The secret to creating a perfect C-curve lies in the placement of the form.
Sculpting a perfect C-curve takes patience and practice and is one of the most important steps in creating a natural looking set of artificial nails.
According to Patti Blanusa, a nail technician at Spoiled Rotten in Aptos, Calif., selecting a quality form is the first step in creating a flawless C-curve. “If my clients has a nice natural curve, I’ll shorten the free edge of the nail and use an aluminum form, which securely fits under the free edge. I prefer aluminum instead of appear forms because paper trends to give and bend and it’s hard to get the right fit.” Says Blanusa.
Before applying the form, Blanusa places a wooden dowel inside the form and rolls the sides of the form around the dowel to create a saddle shape. Then, holding the client’s finger, she holds the form at 45° and slides it up and underneath the free edge. While still holding the form at a 45° angle, she pinches the side together until the C-curve conforms to the shape of the natural nail. While holding the back of the form in place with two fingers, she squeezes one dart on each side and following it through to the bottom. “This secures the form at the free edge and on the sides of the fingers,” she explains.
To create a perfect C-curve for her clients, Victoria Sozio, owner of the Upper Cut in Washington Township, N.J., favors paper forms, saying, “That’s what I’ve always used, and I’m comfortable working with them. For me, paper form are a lot easier to reposition and manipulate than aluminum forms.”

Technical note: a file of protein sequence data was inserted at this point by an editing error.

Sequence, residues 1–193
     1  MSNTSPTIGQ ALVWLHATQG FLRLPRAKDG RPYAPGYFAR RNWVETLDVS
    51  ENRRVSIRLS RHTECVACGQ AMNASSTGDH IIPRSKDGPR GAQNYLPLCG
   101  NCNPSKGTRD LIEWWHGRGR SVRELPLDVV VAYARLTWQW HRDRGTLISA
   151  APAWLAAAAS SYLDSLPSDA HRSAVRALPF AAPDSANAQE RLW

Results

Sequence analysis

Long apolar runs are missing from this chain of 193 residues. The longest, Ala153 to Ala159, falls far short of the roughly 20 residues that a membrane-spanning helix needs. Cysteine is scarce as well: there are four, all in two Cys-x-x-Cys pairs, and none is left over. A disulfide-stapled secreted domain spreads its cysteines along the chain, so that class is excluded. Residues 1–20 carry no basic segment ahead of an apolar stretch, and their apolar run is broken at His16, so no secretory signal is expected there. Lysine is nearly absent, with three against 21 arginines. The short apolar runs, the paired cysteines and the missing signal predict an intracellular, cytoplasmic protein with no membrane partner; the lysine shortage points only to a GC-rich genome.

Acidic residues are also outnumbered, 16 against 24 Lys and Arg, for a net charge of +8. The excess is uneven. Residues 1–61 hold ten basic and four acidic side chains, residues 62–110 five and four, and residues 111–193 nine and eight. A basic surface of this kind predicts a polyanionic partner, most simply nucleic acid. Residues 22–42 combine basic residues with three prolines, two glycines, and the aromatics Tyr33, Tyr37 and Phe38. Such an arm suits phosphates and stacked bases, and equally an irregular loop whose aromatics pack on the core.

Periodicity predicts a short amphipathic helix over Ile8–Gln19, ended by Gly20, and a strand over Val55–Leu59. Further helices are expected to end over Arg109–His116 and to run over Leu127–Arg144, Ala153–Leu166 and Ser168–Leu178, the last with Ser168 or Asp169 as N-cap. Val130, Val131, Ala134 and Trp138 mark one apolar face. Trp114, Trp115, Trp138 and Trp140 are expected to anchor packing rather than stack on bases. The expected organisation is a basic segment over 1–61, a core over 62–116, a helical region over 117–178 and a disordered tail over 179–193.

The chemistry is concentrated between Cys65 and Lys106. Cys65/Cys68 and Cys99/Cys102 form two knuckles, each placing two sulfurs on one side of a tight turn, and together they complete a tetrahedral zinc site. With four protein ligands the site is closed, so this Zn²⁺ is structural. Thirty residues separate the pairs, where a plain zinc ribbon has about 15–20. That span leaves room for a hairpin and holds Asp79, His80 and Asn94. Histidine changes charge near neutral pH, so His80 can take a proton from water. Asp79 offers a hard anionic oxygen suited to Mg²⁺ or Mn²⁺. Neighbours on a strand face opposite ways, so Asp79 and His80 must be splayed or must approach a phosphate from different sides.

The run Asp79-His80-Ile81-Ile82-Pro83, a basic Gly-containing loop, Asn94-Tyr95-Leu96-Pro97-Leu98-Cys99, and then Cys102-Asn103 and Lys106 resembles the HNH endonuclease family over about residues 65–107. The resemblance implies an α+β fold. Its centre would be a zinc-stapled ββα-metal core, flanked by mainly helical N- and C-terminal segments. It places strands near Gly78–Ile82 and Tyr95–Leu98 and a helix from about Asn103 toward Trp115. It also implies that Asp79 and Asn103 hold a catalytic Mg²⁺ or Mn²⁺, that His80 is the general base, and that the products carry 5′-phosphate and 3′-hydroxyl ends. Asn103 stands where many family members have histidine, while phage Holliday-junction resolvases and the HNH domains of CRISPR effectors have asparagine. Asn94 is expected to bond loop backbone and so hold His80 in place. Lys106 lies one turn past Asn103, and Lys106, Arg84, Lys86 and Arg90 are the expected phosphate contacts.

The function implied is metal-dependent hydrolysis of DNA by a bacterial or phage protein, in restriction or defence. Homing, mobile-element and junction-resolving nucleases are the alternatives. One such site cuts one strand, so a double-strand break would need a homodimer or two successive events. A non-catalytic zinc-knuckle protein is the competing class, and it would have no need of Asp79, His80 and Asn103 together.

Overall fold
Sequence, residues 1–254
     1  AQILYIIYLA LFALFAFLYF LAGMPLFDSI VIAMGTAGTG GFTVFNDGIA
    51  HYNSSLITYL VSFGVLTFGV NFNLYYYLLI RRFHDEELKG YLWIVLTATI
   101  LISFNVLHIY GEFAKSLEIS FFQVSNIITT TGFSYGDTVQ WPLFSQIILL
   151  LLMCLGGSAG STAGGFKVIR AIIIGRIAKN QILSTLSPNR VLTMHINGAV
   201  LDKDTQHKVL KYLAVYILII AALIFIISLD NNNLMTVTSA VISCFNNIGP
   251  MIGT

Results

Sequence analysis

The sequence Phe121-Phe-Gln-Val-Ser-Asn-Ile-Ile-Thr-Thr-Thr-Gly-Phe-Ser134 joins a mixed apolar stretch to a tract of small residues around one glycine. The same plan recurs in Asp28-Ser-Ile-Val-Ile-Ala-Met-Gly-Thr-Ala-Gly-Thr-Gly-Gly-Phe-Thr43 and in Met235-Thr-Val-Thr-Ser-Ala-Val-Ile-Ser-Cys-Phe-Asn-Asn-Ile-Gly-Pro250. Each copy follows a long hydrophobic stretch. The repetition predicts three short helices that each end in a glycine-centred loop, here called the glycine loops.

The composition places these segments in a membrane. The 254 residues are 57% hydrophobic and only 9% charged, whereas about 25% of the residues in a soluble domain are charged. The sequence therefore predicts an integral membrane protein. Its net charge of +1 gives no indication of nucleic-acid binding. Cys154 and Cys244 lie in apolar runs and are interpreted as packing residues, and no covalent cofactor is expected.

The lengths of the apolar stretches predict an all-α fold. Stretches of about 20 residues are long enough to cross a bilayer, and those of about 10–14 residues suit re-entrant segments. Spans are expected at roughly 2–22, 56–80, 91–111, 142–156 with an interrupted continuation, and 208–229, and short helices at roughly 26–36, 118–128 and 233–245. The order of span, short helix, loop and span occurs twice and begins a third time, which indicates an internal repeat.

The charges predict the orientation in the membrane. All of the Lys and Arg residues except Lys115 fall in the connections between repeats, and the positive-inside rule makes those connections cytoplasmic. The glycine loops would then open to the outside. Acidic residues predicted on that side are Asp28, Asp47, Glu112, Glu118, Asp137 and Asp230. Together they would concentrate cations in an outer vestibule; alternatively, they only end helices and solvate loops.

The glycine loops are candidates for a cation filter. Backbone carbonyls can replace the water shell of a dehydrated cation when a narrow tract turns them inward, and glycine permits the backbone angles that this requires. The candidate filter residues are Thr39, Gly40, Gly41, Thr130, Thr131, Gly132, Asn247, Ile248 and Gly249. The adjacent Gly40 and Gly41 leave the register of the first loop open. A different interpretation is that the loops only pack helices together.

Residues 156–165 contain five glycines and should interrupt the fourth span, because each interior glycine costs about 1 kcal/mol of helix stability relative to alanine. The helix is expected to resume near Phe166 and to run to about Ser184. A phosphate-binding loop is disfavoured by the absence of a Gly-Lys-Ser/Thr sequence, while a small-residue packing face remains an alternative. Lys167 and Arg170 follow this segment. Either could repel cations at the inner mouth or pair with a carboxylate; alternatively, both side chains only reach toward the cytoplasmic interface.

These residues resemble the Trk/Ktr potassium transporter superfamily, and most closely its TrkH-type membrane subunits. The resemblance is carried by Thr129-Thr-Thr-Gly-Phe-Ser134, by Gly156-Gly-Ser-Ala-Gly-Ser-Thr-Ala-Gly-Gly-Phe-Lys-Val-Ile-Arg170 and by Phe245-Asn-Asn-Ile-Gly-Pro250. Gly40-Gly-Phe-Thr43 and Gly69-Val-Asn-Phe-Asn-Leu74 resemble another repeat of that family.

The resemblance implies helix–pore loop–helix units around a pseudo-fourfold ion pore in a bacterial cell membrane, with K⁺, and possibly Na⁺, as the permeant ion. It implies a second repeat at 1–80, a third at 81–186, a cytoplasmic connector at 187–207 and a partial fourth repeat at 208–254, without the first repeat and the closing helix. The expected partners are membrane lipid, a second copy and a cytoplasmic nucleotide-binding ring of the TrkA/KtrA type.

Before Sozio applies a form, she cuts the back of it in order to open the forms for easier positioning. Then, holding the sides of the form between her index fingers and thumbs, she rolls the form, curving it a little before placing it under the free edge. Says Sozio, “I initially place a little further down than what I need, at a 45° angle under the free edge. If it’s place too high, you can’t get the correct position. Then, when you begin to place the sides of the form down on the finger itself, it brings the free edge of the form up into place.” The form should fit snugly against the free edge, says Sozio.
Next she squeezes the front of the form together at the bottom. Then, she places the end of her sculpting brush into the form to create a tunnel. “If you squeeze the form completely together and don’t create a tunnel, then the C-curve will form into a V-shape,” warns Sozio. When the products is just about dry, she removes the form, and using the back of each thumbnail, she presses both sides of the nail just below the stress area to reinforce the C-curve.
“The form should be placed exactly the same way on each finger regardless of size,” says Sozio. “If the form is too high or too low, it will alter the side view of the nail as well as the C-curve.” After placing the form on the nail, Nguyen pinches both sides of the form together at the free edge. “The barrel of the form should give the C-curve a 45° angle,” she says. “Once you remove the form and start shaping the nail, make sure you go with the C-curve and don’t file down too much on one side or the other.”